Every year about June, Apple announces the beta for the new update to iOS. About that time I swear off the beta, reminding myself how miserable I was last time I installed a beta iOS. Then a little fuse gets lit inside my brain. It’s long enough to burn for a few weeks and then explodes in an explosion of complete disregard for common sense leading me to install the new iOS beta on my iPhone and iPad.
This year I installed the betas in late June and have now been using iOS 9 every day for over two months. I’m not going to write a thorough review. Instead I’m going to share a few thoughts and tips I picked up over the last couple months:
- Here are some words I thought I’d never write: One of the stars of the new iOS is the Notes app. I’d written the Notes app off entirely years ago. (Remember Marker Felt?) The new version is really impressive. You can format text, add pictures, links, drawings, and add check boxes. Moreover, getting data into Notes is easy with the Notes extension sprinkled throughout the operating system in a way that only Apple software could. Syncing has been solid and I’ve been testing it with a database in excess of 250 notes. As Mr. Plain Text guy, I haven’t decided yet what I’ll do for managing notes but Notes is absolutely a contender, especially if you’re looking to store pictures and media with your notes. (Indeed this post has been a running bit of text in Notes throughout the beta.)
- The iPad updates, including Slide Over and Split Screen work as advertised. Once you use your iPad with two apps open, you’ll never be able to go back. The keyboard improvements and mouse cursor with two fingers are also quite handy. Don’t forget you can do that two finger mouse thingy on or off the keyboard. While these are all nice updates, it feels to me like there is still work to be done on iPad “productivity”. For instance, why can’t I drag and drop between two split screen apps? It feels to me like the Apple train is now in motion in terms of increased iPad productivity but there is still plenty of work to do. Also, if you’ve got a keyboard connected to your iPad, command-tab is golden.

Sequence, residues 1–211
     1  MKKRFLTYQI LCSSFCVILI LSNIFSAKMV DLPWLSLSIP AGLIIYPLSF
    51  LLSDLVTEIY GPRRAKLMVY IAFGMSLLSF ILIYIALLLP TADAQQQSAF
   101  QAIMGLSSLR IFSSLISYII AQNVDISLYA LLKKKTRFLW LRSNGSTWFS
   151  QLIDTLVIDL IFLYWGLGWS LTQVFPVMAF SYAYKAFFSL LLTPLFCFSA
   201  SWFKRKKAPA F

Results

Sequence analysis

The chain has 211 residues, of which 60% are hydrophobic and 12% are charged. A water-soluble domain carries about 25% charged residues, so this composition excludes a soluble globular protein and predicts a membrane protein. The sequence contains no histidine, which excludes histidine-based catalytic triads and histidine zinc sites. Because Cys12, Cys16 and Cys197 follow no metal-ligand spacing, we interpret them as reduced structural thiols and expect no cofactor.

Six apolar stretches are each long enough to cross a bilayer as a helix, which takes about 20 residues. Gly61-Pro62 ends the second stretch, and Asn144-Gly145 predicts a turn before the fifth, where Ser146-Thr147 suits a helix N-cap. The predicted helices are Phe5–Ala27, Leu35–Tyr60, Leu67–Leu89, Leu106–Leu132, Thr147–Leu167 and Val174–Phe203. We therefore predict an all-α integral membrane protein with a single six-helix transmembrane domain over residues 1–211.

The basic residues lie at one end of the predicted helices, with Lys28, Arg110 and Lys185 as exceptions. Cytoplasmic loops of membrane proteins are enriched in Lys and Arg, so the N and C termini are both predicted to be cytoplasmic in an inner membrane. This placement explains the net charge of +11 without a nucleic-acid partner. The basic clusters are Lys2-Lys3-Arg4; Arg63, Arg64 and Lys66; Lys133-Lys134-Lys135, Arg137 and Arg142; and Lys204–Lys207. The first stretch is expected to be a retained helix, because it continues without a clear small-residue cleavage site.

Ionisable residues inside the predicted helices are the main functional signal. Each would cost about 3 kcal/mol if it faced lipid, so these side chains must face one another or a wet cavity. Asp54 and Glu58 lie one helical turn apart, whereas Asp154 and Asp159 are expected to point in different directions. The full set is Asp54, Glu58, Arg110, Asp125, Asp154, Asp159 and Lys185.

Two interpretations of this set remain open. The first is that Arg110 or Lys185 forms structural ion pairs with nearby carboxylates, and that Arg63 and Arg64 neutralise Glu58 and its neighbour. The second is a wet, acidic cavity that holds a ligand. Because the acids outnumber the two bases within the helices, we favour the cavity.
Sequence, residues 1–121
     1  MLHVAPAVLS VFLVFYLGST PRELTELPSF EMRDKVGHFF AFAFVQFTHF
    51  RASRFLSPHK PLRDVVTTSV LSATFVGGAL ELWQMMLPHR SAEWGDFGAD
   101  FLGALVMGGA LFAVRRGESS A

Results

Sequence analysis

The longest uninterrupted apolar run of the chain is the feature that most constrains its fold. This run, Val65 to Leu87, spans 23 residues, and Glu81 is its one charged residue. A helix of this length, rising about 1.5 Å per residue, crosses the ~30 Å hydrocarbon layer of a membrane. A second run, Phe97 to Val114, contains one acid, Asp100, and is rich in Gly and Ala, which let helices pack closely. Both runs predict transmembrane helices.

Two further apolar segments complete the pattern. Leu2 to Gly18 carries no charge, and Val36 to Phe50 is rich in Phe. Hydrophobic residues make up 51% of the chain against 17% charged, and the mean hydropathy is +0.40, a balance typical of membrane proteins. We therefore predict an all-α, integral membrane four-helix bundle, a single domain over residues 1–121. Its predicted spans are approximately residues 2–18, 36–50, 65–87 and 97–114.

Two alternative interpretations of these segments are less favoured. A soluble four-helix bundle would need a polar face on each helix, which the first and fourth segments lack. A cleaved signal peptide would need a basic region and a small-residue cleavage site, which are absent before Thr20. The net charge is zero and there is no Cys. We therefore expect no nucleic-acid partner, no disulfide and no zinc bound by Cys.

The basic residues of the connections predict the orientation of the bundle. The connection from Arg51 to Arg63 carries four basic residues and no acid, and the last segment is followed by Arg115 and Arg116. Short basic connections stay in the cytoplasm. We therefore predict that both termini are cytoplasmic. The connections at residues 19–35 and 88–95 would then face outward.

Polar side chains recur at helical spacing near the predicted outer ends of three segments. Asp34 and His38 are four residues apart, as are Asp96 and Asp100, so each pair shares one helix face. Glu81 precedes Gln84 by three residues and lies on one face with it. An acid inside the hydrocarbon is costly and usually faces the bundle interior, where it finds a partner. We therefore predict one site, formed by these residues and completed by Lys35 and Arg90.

- Siri continues to improve. I won’t tell you to try Siri again if you’ve previously given up on it since I seem to do that about once a month around here but it is getting better. There are new commands, “What’s a 20% tip on $23.32”, and dictation transcription continues to improve.
- When I first heard Spotlight was going back to a separate screen (swipe to the right), I was unhappy. I didn’t want another screen. I was wrong. the new Spotlight is significantly better with recent people, apps, places, and news.
- The ProActive assistant stuff sounds like a great idea but I didn’t see it in action as much as I expected. Guessing at who’s calling (by comparing an incoming phone number to phone numbers found in email) is awesome. I also liked when it would give me an ETA for my trips as I got in my car but that was inconsistent. I had several flights during this period and ProActive Assistant never sussed that out. I like that Apple wants to make the phone smarter without stepping over the creepy line but I suspect that like iPad productivity, this is going to take a few years for full realization.
- Low Power Mode is for real and saved me a few times on days where I was running out of battery. I couldn’t tell if I was getting the promised extra battery life but that’s probably going to be more apparent after iOS 9 gets out of beta. (Today!)
- Maps is like Siri. It just keeps getting better.
- The News app is nice and now it’s on every iPhone. I’m interested to see how many people adopt this. (MacSparky.com is an approved publisher by the way but I’m still sorting out some issues before works properly in News.)
- You can now search settings. The nerd in me loves that.
- The San Francisco font gives the iPhone more personality than Helvetica ever could. After using the new font for a few months, I couldn’t imagine going back to the old one.
- You can now know when the keyboard capitalization key is on and when it is not. Hallelujah!
- I’m all for the new six digit security code. You can turn it back to a four digit code but if you’re using TouchID, why would you?
This year’s update isn’t nearly as big as last year’s and that’s a good thing. The new iOS includes some real nice tweaks and fixes but shouldn’t turn your world upside down. I think that’s exactly what we needed this year.